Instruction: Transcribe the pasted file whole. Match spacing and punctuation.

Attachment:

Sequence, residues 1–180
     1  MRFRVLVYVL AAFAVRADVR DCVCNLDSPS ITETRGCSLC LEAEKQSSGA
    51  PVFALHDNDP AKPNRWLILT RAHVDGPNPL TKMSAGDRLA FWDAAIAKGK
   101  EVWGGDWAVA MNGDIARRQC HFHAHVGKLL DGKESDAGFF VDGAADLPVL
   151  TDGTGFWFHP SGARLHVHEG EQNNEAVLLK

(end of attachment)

Sequence, residues 1–180
     1  MRFRVLVYVL AAFAVRADVR DCVCNLDSPS ITETRGCSLC LEAEKQSSGA
    51  PVFALHDNDP AKPNRWLILT RAHVDGPNPL TKMSAGDRLA FWDAAIAKGK
   101  EVWGGDWAVA MNGDIARRQC HFHAHVGKLL DGKESDAGFF VDGAADLPVL
   151  TDGTGFWFHP SGARLHVHEG EQNNEAVLLK